Much has been said about female talent drain and the glass ceiling: women who decide to abandon corporations or that do not make it to executive positions, depriving organizations of the benefit of diversity. What can we learn about those women who decide to stay in corporations and grow hierarchically? How is their experience? What motivates them? Looking for answers to these concerns, we conducted an investigation to look into women career development in companies in Argentina. We interviewed women in different areas (Finance, Human Resources, Quality, Marketing, General Management, Sales), with children of different ages and without children, in positions of leadership, management and direction. In their stories, we did not listen to traditional and rational models in search of greater power and hierarchical growth, but a complex set of priorities that women seek in their career decisions.
1. Leaving a mark
Women want to leave a mark in society, in their environment, through their work. This can be achieved from an NGO or also from corporations that provide spaces to make a contribution on relevant issues such as poverty, gender, or education. Even in important personal moments such as the birth of a new child, we have witnessed women relinquish flexibility, to make a transition to a job with high workload, no flexibility, but in which they felt they added value and left a positive legacy in their offspring. For example, Laura commented: “I wanted my daughter to see me there, in a job that would satisfy me and where I was doing something for the community. Although it presented many difficulties, it filled me from that side and I think it is a good example for my daughter. “
2. Enriching opportunities
We also observed an emphasis on learning and enjoyment on the job. In the interviews, women reported that each potential position was analyzed in terms of how it contributed to their own development, seizing the opportunities originated in having done a good job. For example, Alicia said: “I knew that I was jumping to something different, even though it is very comfortable to be in a large company, its work environment and luxury surrounds you. But I measured it in terms of learning, of new knowledge, and I left. “
Balance emerges as a priority, although as we saw, not the only one. And balance means different things. While all women want balance, to some it may mean picking up the children from school, to others arriving in time for dinner, to others completely enjoying the weekend and to others turning off the phone when leaving the office. What they told us is that the important thing is to feel comfortable with your own balance equation. And the balance is not minute by minute, sometimes the scale can go to one side for a while, to then go to the other and return to its axis. In the stories told, the search for balance led to important career decisions as in the case of Marcela, who left a C-suite role, choosing an interesting but lower position in a company that understood that ‘life is not only about work’. She told us about the situation: “In family vacations it would happen to me… my son pulling on me: “Mom, come to play”; my partner saying: “Enjoy the sea” and I was struggling to talk on the phone. I said: I love working but I really like the balance between the personal and the professional roles; I am not a person who is willing to be losing her mind with the phone at all times and spaces. And I was in a company that got into your personal life all the time, all the time. “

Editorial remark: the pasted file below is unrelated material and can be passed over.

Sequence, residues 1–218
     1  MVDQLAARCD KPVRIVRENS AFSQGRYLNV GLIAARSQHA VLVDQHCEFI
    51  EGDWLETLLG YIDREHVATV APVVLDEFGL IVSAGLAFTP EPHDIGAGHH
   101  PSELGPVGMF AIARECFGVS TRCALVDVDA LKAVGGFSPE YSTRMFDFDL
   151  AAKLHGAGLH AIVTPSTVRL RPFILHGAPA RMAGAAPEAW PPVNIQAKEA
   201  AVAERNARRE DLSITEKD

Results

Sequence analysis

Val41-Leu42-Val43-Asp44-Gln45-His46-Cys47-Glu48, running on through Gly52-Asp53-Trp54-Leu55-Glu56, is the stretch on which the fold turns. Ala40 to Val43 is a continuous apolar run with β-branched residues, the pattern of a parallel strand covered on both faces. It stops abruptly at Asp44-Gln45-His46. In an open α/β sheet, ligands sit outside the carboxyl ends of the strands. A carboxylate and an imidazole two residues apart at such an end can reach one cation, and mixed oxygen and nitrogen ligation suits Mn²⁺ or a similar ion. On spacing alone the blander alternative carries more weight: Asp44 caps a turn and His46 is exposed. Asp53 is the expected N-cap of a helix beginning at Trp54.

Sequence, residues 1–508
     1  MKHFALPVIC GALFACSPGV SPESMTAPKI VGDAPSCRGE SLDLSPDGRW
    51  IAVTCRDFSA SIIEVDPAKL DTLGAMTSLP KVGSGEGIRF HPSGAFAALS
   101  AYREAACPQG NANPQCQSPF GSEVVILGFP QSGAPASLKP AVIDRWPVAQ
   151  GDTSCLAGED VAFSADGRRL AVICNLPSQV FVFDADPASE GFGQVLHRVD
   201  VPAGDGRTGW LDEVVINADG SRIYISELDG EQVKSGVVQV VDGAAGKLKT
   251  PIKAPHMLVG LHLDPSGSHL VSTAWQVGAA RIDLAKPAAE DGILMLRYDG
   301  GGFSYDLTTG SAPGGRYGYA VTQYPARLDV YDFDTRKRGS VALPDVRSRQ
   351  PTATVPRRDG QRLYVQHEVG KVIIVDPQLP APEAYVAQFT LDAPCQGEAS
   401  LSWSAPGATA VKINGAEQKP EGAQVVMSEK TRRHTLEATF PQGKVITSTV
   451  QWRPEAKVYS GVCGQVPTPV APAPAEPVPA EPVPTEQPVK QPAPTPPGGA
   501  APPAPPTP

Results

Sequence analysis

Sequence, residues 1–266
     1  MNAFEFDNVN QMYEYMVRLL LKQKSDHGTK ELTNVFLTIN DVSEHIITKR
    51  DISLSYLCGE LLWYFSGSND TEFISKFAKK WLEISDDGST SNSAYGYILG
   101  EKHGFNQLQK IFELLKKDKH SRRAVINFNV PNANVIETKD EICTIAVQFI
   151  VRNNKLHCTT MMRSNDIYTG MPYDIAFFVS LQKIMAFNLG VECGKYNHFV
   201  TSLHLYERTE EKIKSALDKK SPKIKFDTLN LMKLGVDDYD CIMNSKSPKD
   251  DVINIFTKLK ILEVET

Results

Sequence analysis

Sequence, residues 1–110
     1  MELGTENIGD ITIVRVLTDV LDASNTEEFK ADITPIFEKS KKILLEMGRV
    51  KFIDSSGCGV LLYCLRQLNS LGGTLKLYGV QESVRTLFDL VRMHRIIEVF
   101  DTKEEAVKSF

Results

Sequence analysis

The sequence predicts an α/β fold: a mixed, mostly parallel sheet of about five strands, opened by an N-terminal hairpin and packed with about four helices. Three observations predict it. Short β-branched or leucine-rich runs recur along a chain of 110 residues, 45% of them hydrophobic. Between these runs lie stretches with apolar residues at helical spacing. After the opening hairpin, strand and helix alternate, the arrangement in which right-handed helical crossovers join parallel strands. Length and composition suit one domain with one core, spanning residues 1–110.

In short, professional women want everything. If they are going to dedicate many hours to their work role, it has to be more than an income, it must allow them to grow, to be passionate, to leave a legacy, in balance with their other important roles in life. Understanding what motivates women in their career decisions is key for leaders to meet those needs within companies, preventing them from feeling the need to develop themselves in another context.
These and other results of the research are presented in the book: Gadow, F., Suzanne, P. & Vidal, V. 2018. “Mujeres y Trayectorias de Carrera: Claves y Desafíos.”, EDICON.
About the author:
Pamela Suzanne is Professor and Director of MBA Career Development Track MBA at Universidad de San Andrés. You can contact her at: firstname.lastname@example.org